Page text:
The monograph can be downloaded after making a donation via PayPal account or with a credit card. The recommended donation is $5, but if you have gained from the Rationalist Judaism enterprise and would you would like to take this opportunity to express your appreciation with a larger donation, it would be gratefully appreciated! You can make a donation by clicking on the following icon. After the payment, it will automatically take you to a download link for the document.


Thursday, July 14, 2016

The Ghostbusters Analogy

On the occasion of the release of the new Ghostbusters movie, I am re-posting something that I originally posted back in 2014 on the occasion of the passing of the parshan Harold Ramis.

The original 1984 Ghostbusters movie was immensely popular. Most people loved it for its hilarity; some for its fantastical elements. I was intrigued by a different aspect of it, and it's something which provides a useful analogy for understanding the difference between rationalist and mystical approaches to various Jewish concepts.

For those who didn't see it, Ghostbusters was about a group of eccentric geniuses/ dropouts who launched a career catching ghosts. The shtick of the Ghostbusters was that they discovered that it was possible to design technology that could detect ghosts, and ultimately to subdue and contain them. PKE meters, proton packs, muon traps - these were gadgets that used physics but could detect and interact with spiritual phenomena.

Behind the concept of Ghostbusters, then, lies four ideas:

1. Spiritual phenomena exist as entities;
2. They follow precise laws;
3. These laws are connected to the laws of the physical universe;
4. Physical objects can manipulate spiritual phenomena by way of these laws.

The rationalist stream of Jewish thought denied pretty much all of these four ideas. Menachem Kellner, in Maimonides' Confrontation With Mysticism, explains how according to Rambam, concepts such as kedushah and tum'ah are states of mind rather than metaphysical phenomena. The reward for mitzvos is the effect on one's mind rather than in some sort of spiritual world. There are many examples of this. Mezuzah creates a reminder rather than a force-field. Shiluach ha-kein teaches us compassion rather than engineering a celestial courtroom drama with angels. And so on, and so forth. Without the first idea in the list above, the latter three don't even begin.

The mystical stream of thought, on the other hand, posits the existence of all kinds of spiritual entities. These relate to, and can thus be influenced by, the physical universe, though not in exactly the same way as with Ghostbusters. The Ghostbusters used technology to create physical forces that directly interact with the spirit world. The mystical stream in Judaism, on the other hand, proposes that physical items create spiritual forces which in turn affect the spiritual and material world. However, there are still valuable points of analogy. Just like an improperly calibrated proton pack will not subdue Gozer the Gozerian, so too a mezuzah missing a letter will not create a protective force-field - even if the missing letter is a result of, say, termites attacking the parchment.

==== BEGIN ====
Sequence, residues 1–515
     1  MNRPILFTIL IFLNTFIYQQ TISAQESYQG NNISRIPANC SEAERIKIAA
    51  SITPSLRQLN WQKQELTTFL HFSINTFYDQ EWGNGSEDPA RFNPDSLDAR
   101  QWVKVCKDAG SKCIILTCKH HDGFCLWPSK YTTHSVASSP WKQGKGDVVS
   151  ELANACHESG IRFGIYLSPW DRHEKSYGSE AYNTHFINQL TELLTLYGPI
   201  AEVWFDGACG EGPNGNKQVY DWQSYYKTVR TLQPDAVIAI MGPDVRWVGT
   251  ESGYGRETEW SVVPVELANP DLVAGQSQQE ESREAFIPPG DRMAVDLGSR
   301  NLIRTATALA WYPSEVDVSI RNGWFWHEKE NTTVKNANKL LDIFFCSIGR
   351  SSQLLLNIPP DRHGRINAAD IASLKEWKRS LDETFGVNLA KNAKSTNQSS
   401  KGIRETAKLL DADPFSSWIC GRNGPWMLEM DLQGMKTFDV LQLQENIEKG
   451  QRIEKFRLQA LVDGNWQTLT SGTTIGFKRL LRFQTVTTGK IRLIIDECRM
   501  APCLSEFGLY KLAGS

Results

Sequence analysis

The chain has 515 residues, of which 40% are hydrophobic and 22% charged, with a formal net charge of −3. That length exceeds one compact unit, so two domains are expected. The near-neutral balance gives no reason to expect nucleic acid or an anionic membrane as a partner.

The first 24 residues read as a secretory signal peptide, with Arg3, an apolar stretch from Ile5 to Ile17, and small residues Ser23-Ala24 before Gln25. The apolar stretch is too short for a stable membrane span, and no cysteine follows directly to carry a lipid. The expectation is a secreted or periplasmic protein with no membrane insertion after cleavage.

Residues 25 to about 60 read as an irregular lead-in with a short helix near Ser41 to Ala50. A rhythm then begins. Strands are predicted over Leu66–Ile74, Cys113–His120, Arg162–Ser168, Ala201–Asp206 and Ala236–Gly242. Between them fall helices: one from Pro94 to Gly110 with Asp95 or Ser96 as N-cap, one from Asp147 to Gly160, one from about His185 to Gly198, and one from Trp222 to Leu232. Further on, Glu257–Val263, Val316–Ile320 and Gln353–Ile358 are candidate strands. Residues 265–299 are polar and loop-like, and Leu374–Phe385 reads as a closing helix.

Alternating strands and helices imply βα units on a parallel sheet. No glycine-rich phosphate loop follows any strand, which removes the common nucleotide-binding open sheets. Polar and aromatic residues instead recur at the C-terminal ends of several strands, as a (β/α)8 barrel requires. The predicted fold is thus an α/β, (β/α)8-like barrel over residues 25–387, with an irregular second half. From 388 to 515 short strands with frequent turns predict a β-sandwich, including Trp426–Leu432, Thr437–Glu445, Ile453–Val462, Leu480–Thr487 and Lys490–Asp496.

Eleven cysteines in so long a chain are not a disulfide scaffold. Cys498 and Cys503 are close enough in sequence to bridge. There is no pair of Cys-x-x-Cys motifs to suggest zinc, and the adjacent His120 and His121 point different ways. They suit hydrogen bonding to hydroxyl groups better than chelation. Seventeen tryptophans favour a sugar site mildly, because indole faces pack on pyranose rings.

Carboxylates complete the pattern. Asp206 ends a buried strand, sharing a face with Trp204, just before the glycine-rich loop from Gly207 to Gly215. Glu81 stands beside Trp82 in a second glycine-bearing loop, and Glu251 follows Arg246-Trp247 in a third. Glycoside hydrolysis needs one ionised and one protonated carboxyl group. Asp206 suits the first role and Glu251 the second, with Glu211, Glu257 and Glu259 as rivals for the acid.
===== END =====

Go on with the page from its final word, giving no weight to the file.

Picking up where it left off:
My point in this is not to mock the mystical stream of thought - just to note how very far apart it is from the rationalist stream of thought. I believe that appreciating that these are simply two very different worldviews, each the result of a rich heritage, helps avoid friction between people who adhere to different streams. Good fences make good neighbors, and all that. Don't cross the streams!

(In other news - I will be in Florida in November, and I am available for scholar-in-residence engagements. If you are interested, please email me.)

Tuesday, July 12, 2016

In Defense of Yated (Mostly)

And now for something that you never expected to see on this blog: A defense of the Yated.

After the passing of Elie Wiesel, the Yated published an article by Rabbi Yaakov Feitman in response to the obituaries that appeared in the general media. I saw responses by several people, describing it as "vile," "sickening," and unacceptably "judging him."

Yet the article was none of that. Rabbi Feitman made it extremely clear that he was not judging Mr. Wiesel at all, and explained at length why nobody can judge him. He showered him with praise for his various achievements, even though Mr. Wiesel certainly does not reflect the Yated's values. (I was actually quite amused to see Rabbi Feitman praise him as being the shaliach for the charedi world on Darfur, Rwanda and so on.)

Yes, Rabbi Feitman did take issue with some of Mr. Wiesel's theological statements, which are being amplified in the media. But he made it as clear as one possibly can that he was disputing the statements, not criticizing the person. What is the crime in that?

I can only think of two reasons why people would react so strongly to Rabbi Feitman's article. Perhaps Elie Wiesel was such an icon that some see it as unthinkable to dispute anything that he says. But surely such an approach, of idolizing certain figures to the extent that it is unthinkable to disagree with them, is exactly what these people criticize with regard to charedim! Alternately, perhaps these people have a knee-jerk reaction to criticize anything in the Yated. That is unfortunate.